“I feel like I’m on a roller coaster,” the leader I’d been coaching said to me.
“A roller coaster, how so?” I asked.
“I have moments where I feel like I’m on top of the world,” they said with a slight smile.
“Then something happens that rips the floor right from under me,” they continue as their smile disappears. “In those moments my confidence just seems to evaporate, and it takes weeks to rebuild.”
“And what’s worse,” they conclude, “my team see it and feel it too.”
Riding the roller coaster
The term “roller coaster” seemed very apt when I reflected back on the conversations I’d had with leaders over the years. Even for myself I remember the days when I was riding high, ploughing through the work and feeling invincible. Then all of a sudden something would come from left field that would take the wind right out of my sails, eroding my confidence.
Peaks and troughs
Applying the analogy of the roller coaster means that our existence will naturally involve peaks and troughs as we navigate through the experiences that we have each day, each month, and each year
It’s natural therefore that in day-to-day life that things happen which help us fly, or which floor us. This is just a part of the world we exist in. Unfortunately, as humans however we have a bias for negativity, which relates to our natural survival instinct. This means the negative things will almost always impact us more than the positive ones. Hence it takes most people longer to rebuild their confidence after it gets knocked.
Choosing our response
Viktor Frankl, a survivor of Aushwitz is quoted as saying:
“Between stimulus and response there is a space. In that space is our power to choose our response. In our response lies our growth and our freedom.”
Core to the human condition is our freedom to make choices, and with this comes the responsibility to more consciously choose our response to any event.
Often when positive and negative events happen, our reaction is unconscious. That is, our instinctive response which is driven by the activation of our human dilemmas, especially our desire for survival, dictates how we behave. In spite of this and although our cognitive response will always be delayed from our instinctive one (i.e. we feel before we think), it doesn’t mean our emotional instinct should dictate our rational analysis. Instead, we can learn to pause and create a space in any event so we can choose more consciously what we do next.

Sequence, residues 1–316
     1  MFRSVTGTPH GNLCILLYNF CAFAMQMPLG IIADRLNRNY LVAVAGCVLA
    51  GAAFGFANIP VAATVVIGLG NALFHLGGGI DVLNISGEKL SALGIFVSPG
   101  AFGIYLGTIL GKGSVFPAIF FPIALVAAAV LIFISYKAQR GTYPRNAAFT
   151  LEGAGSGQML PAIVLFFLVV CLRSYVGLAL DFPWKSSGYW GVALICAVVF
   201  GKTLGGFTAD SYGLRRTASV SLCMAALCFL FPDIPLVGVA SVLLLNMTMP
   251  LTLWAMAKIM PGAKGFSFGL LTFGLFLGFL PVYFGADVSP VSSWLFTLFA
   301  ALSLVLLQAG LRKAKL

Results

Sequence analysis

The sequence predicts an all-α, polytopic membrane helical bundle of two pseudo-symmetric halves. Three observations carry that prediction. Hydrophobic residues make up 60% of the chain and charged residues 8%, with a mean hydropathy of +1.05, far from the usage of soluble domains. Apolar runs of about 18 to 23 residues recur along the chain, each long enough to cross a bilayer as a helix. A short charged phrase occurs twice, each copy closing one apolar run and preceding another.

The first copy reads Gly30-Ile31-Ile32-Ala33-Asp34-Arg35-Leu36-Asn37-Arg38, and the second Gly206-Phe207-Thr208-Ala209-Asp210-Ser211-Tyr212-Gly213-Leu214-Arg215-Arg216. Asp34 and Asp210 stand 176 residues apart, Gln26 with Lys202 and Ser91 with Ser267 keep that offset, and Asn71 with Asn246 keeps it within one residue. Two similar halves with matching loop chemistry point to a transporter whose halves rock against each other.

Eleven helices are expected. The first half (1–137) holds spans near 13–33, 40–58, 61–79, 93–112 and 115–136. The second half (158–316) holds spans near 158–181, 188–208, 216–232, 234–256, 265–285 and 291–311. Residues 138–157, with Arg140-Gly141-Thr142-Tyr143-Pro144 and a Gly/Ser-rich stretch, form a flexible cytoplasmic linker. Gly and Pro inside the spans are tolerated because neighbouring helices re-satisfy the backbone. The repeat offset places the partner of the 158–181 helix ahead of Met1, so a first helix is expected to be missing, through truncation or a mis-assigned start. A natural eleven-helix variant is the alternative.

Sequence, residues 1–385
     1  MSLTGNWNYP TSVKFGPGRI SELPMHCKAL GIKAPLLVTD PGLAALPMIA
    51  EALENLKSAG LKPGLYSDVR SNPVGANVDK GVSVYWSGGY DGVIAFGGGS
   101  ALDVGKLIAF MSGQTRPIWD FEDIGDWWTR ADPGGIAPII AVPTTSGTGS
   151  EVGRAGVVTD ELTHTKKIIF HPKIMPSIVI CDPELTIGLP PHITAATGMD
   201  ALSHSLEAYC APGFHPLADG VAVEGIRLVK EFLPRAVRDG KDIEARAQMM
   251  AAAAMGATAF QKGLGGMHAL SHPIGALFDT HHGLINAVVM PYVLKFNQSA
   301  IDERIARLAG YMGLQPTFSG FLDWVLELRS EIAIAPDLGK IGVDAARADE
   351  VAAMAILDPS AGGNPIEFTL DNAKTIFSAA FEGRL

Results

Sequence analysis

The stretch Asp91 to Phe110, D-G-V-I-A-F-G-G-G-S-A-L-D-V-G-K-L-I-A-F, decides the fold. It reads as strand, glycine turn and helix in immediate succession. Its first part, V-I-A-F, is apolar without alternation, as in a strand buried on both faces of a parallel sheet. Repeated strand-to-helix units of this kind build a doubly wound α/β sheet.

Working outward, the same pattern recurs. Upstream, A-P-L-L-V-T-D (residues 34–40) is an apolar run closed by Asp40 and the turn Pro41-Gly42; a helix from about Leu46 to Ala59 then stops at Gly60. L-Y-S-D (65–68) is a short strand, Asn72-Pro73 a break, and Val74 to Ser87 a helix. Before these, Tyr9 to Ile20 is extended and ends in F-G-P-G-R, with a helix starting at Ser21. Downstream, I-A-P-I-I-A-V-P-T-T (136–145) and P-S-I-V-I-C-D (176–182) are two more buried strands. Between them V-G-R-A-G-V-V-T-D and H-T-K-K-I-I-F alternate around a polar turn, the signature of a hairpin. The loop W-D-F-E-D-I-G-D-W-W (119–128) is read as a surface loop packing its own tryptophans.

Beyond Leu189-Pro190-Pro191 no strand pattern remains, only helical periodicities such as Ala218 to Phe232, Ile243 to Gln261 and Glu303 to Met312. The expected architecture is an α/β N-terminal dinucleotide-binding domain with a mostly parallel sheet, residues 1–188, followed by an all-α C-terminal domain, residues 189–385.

Sustaining confidence = smoothing the curve
Sustaining our leadership confidence as we ride the roller coaster of modern life requires us to smooth out the curve. That is, there will be peaks and troughs, but neither need to be so intense.
To smooth the curve, we must more consciously recognise when we’re feeling good and celebrate this, but not so much that it creates too high a peak. Then, when we’re in a trough, rather than allowing it to impact us too deeply we should consciously shift our state by seeking to rapidly learn and move forward using these lessons.
This approach does not mean that we stop riding the roller coaster, it just means that the highs and lows are more manageable, as is our confidence in how we seek to show leadership going forward.
After all, as Public Enemy say…
“Never let a win go to your head, or a loss to your heart.”
Something to consider…
Take a minute to remember a time when you were at a high, and a time when you hit a low. For the high, what helped create that? For the low, what did you learn from this experience?
Something to try…
Next time you’re riding high, recognise how it feels and celebrate what you’re achieving. Then, when you’re hitting a low, catch yourself and ask – What caused this? What can I learn? How can I consciously choose my response?
Every leader rides a roller coaster with the natural highs and lows that results. At Muru we help leaders build and sustain their confidence as they seek to achieve the success and fulfilment they desire.
To find out more contact Rob Cross at firstname.lastname@example.org or call him on +44 (0) 78417 06417.
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